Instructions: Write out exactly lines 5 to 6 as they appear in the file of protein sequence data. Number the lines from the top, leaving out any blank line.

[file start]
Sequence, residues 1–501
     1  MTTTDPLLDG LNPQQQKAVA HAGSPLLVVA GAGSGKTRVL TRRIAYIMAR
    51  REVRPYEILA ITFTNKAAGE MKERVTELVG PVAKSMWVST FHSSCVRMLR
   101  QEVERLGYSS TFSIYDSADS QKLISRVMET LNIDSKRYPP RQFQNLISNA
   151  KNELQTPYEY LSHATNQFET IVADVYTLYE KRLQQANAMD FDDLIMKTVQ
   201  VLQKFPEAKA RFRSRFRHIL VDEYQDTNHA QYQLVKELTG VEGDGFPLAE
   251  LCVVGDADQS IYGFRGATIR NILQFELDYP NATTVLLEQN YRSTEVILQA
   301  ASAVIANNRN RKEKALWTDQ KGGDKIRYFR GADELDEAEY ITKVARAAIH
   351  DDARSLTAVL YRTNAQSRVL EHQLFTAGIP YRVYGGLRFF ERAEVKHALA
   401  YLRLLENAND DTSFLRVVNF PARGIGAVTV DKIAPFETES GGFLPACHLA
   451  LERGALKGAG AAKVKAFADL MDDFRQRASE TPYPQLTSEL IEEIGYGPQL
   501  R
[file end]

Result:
   151  KNELQTPYEY LSHATNQFET IVADVYTLYE KRLQQANAMD FDDLIMKTVQ
   201  VLQKFPEAKA RFRSRFRHIL VDEYQDTNHA QYQLVKELTG VEGDGFPLAE